What is anemia?

Anemia is a blood disorder which affects hemoglobin and red blood cells. Hemoglobin is the protein in red blood cells that carries oxygen from the lungs to the body. You need iron to make hemoglobin. Most people who have anemia are iron deficient.

It is the number of red blood cells going below normal. Hence, the body parts lack oxygen. They cannot function and cause problems. You can develop anemia if your body does not make enough red blood cells or destroy them or if you lose too much blood.

It is a common side effect of cancer and cancer treatment, especially chemotherapy.

How bad is my anemia?

Mild: Hemoglobin (Hgb) level is between 10.0 g/dL to 13.2 g/dL. You may have headache, fatigue and dizziness. Most of the time, mild anemia can be safely managed at home (see the section below).

Moderate: Hgb level is between 8.0 -10.0 g/dL. You may also experience chest pain, yellowish skin, weakness, cold hand and feet. It can sometimes be safely managed at home or may require the attention of medical team.

Severe: Hgb level is less than 8.0 g/dL. You may have shortness of breath, heart palpitation and pale skin. Also you are at high risk of getting infection. It may be an emergency and require additional medical treatments or hospitalization.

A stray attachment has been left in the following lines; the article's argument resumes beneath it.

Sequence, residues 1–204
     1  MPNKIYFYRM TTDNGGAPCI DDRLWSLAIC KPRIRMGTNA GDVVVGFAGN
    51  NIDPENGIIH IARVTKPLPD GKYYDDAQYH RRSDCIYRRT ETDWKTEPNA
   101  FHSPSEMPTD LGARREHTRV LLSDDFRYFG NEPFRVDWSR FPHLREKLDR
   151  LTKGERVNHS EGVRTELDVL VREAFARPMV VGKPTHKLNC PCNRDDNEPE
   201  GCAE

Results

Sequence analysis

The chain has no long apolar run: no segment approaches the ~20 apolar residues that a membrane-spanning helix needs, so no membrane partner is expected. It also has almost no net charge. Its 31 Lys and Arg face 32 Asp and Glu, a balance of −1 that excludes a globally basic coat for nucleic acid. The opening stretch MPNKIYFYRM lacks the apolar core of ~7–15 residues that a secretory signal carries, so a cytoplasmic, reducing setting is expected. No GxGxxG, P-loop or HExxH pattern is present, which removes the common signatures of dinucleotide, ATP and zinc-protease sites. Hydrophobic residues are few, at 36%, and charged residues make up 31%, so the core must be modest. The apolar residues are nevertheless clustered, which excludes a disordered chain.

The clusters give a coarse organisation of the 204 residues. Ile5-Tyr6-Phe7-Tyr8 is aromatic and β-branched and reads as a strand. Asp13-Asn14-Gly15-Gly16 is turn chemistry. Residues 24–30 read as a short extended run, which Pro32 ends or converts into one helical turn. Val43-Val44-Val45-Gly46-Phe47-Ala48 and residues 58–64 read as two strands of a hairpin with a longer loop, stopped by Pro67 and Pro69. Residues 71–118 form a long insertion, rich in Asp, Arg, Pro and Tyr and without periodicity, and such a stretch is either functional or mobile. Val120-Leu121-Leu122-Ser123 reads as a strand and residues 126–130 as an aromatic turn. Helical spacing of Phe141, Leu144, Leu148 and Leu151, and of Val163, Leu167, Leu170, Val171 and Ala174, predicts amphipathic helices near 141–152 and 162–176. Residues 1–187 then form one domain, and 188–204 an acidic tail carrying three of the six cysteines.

How to manage mild anemia?

Keep track of your Hgb levels using Ankr (myAnkr web portal or the Ankr app). It will help you describe the severity to your doctor or nurse.

  • Take iron supplements orally.
  • Eat foods high in iron and foods that help your body absorb iron (foods with Vitamin C).
  • Consume foods high in folic acid and vitamin B12.
  • If you have chronic kidney disease, or CKD, opt for intravenous (IV) infusion iron supplements
  • Transfusions of red blood cells.
How to manage moderate and severe anemia?

Talk to your doctor if you have risk factors or notice any signs or symptoms of anemia including fatigue (tiredness), breathlessness, rapid heart rate, pale skin, or any other symptoms.

What causes anemia?
  • Chemotherapy can damage bone marrow. The damage does not last and it improves after a few months of chemotherapy. Chemotherapy with platinum-based drugs may harm the kidneys. These drugs include Cisplatin (Platinol) and carboplatin (Paraplatin).
  • Radiation therapy to large areas of the body can damage bone marrow.
  • Leukemia, lymphoma, and multiple myeloma damage bone marrow. Cancer that spreads to the bone or bone marrow may destroy healthy red blood cells.
  • Nausea, vomiting, and appetite loss.
  • You can lose red blood cells faster than your body can make them. This may happen after surgery or if a tumor causes bleeding inside your body.

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